Climate change and other multifaceted global threats have motivated a new Princeton partnership with research institutions in Sweden and Germany, called the Earth Resilience and Sustainability Initiative. Researchers will seek to understand the qualities of complex systems that produce resilience.
Simon Levin, the James S. McDonnell Distinguished University Professor in Ecology and Evolutionary Biology, brought the initiative together in August 2019, drawing on earlier collaborations with the Potsdam Institute for Climate Impact Research and the Stockholm Resilience Centre at Stockholm University.
“A lot of us are interested in taking a step back and developing general theoretical approaches to issues of resilience,” Levin says. He explains that the initiative chooses topics not only because of their importance, but also to search for patterns that are significant in the design of resilient systems in general.
The team spans half a dozen fields from ecology to psychology, including Princeton’s High Meadows Environmental Institute and the Andlinger Center for Energy and the Environment. Among the three partners about 40 researchers are involved, with Princeton contributing approximately $1.5 million and the other institutions adding in-kind contributions of roughly $1 million each.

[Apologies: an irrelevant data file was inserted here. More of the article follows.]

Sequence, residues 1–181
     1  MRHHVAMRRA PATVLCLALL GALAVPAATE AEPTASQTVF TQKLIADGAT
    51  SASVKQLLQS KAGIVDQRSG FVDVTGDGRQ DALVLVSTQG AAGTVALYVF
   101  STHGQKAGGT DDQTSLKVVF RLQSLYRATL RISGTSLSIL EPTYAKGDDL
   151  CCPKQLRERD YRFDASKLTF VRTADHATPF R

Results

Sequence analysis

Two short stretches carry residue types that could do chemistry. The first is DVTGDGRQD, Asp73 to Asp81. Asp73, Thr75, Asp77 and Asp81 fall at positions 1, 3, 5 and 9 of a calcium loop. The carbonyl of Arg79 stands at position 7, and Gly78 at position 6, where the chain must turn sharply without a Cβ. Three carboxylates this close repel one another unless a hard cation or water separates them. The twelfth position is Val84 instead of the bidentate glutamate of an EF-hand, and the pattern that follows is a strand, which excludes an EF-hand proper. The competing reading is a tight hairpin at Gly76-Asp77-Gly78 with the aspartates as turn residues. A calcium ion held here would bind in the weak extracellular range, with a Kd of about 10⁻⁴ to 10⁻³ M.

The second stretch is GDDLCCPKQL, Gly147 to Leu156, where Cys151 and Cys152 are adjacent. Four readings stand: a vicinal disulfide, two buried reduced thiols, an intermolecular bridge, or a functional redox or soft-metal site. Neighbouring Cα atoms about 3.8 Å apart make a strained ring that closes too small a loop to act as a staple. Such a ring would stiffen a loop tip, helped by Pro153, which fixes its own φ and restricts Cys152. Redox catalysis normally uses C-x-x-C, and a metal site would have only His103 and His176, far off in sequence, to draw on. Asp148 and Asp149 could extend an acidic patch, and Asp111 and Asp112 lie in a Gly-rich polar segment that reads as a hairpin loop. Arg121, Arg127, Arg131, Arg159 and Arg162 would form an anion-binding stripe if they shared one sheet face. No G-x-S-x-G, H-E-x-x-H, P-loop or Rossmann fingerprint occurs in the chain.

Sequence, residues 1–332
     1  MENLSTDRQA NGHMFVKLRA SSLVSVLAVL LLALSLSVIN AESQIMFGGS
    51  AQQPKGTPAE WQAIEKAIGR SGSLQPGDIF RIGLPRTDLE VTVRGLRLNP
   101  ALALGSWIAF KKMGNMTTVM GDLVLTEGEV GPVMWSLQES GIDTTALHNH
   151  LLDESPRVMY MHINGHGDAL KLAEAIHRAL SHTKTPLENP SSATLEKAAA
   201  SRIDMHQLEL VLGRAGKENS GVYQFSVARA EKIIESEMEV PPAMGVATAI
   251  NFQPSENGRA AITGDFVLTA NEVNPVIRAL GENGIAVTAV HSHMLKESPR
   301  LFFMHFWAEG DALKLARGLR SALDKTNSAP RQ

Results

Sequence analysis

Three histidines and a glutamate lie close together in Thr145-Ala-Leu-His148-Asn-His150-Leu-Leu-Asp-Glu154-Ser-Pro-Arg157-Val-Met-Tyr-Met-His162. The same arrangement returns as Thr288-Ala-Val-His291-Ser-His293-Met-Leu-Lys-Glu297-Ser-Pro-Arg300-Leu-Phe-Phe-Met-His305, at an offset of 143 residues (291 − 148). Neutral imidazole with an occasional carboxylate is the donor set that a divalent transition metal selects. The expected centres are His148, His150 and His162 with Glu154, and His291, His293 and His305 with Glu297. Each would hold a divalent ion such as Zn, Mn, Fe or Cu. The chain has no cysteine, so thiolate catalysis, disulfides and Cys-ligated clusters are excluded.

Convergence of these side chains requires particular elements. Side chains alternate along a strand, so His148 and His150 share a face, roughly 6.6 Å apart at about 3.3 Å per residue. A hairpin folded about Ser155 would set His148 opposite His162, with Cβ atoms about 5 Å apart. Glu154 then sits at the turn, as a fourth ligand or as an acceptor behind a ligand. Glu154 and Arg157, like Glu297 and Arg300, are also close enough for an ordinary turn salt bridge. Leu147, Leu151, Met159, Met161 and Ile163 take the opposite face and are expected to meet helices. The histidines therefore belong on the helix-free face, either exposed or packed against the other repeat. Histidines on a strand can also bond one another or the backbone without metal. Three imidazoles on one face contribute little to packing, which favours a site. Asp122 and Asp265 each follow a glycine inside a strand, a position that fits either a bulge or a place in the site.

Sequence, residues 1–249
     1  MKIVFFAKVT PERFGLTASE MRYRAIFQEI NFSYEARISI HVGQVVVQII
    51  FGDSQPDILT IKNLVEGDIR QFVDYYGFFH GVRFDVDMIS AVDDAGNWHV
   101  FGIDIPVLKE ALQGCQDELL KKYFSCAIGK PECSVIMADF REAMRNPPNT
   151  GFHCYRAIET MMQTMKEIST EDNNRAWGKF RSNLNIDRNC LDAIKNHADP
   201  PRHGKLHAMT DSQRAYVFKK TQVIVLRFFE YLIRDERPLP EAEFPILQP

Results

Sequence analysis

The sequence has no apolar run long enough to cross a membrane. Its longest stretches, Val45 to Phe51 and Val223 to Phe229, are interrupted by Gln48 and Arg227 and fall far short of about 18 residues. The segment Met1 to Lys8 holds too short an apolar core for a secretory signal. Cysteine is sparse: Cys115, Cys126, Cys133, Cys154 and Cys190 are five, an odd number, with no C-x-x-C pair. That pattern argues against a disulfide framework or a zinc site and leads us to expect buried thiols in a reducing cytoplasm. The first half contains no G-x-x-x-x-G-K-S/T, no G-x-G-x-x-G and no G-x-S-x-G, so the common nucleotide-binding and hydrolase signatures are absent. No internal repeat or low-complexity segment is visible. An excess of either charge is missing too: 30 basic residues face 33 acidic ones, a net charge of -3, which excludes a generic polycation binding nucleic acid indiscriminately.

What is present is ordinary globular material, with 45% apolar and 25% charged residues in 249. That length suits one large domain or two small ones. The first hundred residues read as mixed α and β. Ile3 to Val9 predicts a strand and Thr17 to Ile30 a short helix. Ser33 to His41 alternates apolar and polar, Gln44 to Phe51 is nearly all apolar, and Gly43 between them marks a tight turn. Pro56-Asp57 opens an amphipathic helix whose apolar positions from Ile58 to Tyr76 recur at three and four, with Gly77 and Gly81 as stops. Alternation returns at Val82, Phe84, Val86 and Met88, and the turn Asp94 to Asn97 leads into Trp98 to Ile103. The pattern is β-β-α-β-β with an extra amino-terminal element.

Ricarda Winkelmann, professor of climate system analysis at Potsdam, is looking at how tipping points in nature and social systems can cascade like dominoes to create rapid change. For example, human carbon emissions can drive snow and ice melt that in turn affects weather and agriculture. Understanding the linkages could help identify critical thresholds.
In addition to that sweeping scale, the initiative considers the local level, including the New Jersey milk market, says Dan Rubenstein, professor of zoology, who leads the initiative’s Global Food and Agriculture Sustainability Project.
During the early pandemic, Rubenstein found that large producers accustomed to delivering milk to schools and restaurants could not switch rapidly to deliver to stores. But a positive system response developed as local farmers connected to one another and directly to consumers.
Rubenstein saw a pattern of resilience in those small, diverse linkages — a lesson that could be applied to other systems.
“How do you rewire networks to make them absorb shocks?” Rubenstein asks. “Now you have the aha moment.”